Thursday, 3 November 2016

To avoid having to hang upside down uncomfortably when eating berries ...

... a Rose-Ringed Parakeet can use a dextrous foot to hold a bitten-off twig ...

... or pull an entire bunch nearer so that it can be conveniently eaten.

There were also Blackbirds in the rowan trees on Buck Hill ...

... but the Mistle Thrushes kept their distance in the lime trees across the road.

A Nuthatch discovered that it could pick up two nuts at once, saving flying time ...

... until a Jay came down and ate the lot.

But you can't say no to such a beautiful bird.

A Blue Tit waited to be photographed before it was rewarded with a pine nut.

The female Little Owl near the leaf yard was dozing on the edge of her nest hole.

Then she went in and obstinately refused to come out for the people who had come to see her.

The hopeless pair of Egyptian Geese who have never managed to raise a single offspring in twelve years, were hanging around their nest site near the Henry Moore sculpture, and it looks as if they intend to produce yet another doomed brood.

Because the habitat of these birds straddles the equator, they have no idea of the seasons and breed when they feel like it.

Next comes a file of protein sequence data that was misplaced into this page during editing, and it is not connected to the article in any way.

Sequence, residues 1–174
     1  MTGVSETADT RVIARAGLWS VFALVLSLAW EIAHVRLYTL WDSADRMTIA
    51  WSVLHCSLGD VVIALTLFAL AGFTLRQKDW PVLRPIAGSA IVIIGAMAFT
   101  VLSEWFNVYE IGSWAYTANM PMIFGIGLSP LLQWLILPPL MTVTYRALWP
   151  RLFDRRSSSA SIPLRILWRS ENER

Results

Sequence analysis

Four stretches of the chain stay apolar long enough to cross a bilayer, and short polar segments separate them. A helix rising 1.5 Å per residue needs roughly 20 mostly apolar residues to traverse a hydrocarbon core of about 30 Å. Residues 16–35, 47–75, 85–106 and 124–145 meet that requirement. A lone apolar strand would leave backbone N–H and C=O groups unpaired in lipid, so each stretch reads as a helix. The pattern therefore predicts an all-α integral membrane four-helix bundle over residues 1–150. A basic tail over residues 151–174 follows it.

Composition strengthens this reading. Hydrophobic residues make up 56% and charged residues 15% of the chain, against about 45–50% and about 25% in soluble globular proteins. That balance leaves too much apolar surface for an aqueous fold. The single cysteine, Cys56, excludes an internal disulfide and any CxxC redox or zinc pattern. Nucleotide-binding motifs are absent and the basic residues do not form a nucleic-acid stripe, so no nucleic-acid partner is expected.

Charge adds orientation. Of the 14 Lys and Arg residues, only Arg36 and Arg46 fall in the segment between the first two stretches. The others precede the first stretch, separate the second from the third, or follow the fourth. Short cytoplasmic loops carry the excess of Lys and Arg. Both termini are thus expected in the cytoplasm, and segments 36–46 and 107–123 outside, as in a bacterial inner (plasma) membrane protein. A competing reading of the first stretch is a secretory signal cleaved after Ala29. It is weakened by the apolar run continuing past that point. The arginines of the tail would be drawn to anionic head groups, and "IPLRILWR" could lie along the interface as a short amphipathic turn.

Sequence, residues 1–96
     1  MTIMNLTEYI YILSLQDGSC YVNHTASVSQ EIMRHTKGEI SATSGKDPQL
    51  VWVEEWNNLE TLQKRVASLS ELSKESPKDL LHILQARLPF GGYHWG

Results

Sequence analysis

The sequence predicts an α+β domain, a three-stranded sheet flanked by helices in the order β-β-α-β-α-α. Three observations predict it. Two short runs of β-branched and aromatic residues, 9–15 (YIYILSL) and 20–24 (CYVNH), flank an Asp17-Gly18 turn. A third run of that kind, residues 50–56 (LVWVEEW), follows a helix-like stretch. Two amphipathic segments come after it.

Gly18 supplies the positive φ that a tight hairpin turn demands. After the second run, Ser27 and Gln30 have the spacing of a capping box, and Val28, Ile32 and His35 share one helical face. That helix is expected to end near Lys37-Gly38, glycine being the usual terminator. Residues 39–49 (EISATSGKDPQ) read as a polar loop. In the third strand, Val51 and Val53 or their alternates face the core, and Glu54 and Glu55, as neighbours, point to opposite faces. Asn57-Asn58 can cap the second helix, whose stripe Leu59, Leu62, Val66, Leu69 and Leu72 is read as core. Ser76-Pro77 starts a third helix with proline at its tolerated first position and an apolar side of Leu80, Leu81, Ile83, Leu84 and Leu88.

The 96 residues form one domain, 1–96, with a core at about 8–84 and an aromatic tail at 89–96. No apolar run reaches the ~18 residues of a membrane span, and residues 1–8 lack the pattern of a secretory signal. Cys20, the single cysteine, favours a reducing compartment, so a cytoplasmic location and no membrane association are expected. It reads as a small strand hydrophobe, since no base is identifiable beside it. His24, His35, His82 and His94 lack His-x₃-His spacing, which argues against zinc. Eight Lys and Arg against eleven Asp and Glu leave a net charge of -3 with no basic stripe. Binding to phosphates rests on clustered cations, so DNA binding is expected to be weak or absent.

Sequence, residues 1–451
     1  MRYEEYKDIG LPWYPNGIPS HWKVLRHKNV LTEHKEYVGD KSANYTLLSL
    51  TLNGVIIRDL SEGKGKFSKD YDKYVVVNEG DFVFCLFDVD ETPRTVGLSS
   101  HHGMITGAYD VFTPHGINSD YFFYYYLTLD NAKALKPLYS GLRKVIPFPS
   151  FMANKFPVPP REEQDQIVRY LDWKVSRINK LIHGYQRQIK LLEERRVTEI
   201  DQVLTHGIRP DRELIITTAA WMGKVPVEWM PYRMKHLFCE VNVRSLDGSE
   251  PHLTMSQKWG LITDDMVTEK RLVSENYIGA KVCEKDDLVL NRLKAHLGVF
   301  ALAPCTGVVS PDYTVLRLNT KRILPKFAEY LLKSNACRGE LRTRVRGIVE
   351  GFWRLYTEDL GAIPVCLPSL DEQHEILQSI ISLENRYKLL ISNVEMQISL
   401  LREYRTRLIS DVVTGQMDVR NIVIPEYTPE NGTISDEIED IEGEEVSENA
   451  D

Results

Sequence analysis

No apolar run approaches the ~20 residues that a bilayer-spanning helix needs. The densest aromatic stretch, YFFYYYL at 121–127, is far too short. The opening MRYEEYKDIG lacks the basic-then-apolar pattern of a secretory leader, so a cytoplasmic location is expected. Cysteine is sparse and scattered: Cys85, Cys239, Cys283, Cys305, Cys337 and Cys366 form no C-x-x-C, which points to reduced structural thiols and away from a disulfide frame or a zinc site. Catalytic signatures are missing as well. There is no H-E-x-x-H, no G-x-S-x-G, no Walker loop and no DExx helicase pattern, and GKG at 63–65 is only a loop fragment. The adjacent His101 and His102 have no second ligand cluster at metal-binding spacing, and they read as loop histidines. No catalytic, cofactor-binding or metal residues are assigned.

A Great Crested Grebe was fishing under the bridge.

A Black-Headed Gull hovered, waiting to seize anything it could get.

A young Herring Gull was playing with a round seed, dropping it at the top of the sloping edge of the lake, letting it roll down, and catching it at the bottom. This simple game kept it amused for several minutes. Then it got bored and flew away.

I heard a report from someone who had been taking her dog to the vet yesterday when another person came in with an injured wader that had been picked up in Regent's Park. She said it had a very long downward-curving bill, so it must have been either a Curlew or a Whimbrel. The latter are often seen at Rainham Marshes, not very far downriver.


  1. That's interesting about the Curlew or Whimbrel.
    Let's hope that it wasn't exhausted and not there because of the consequences of a dog...
    Either way it would be a good record whatever it is for Regent's park
    Are there many Jays in Hyde Park and Kensignton Gardens Ralph?

    1. Both Curlew and Whimbrel are on the all-time list for the park in the right column of this blog, but that only means that they have been seen at least once since 1889.

      Yes, there are lots of Jays in the park.

  2. The Little Owl is behaving more and more like an Old Hollywood movie star. Although her adoring public throngs to see her, she still must have her beauty sleep, and will regale admirers with her presence only when she is ready!

    1. I'd rather she had been ready for her close-up, like Norma Desmond.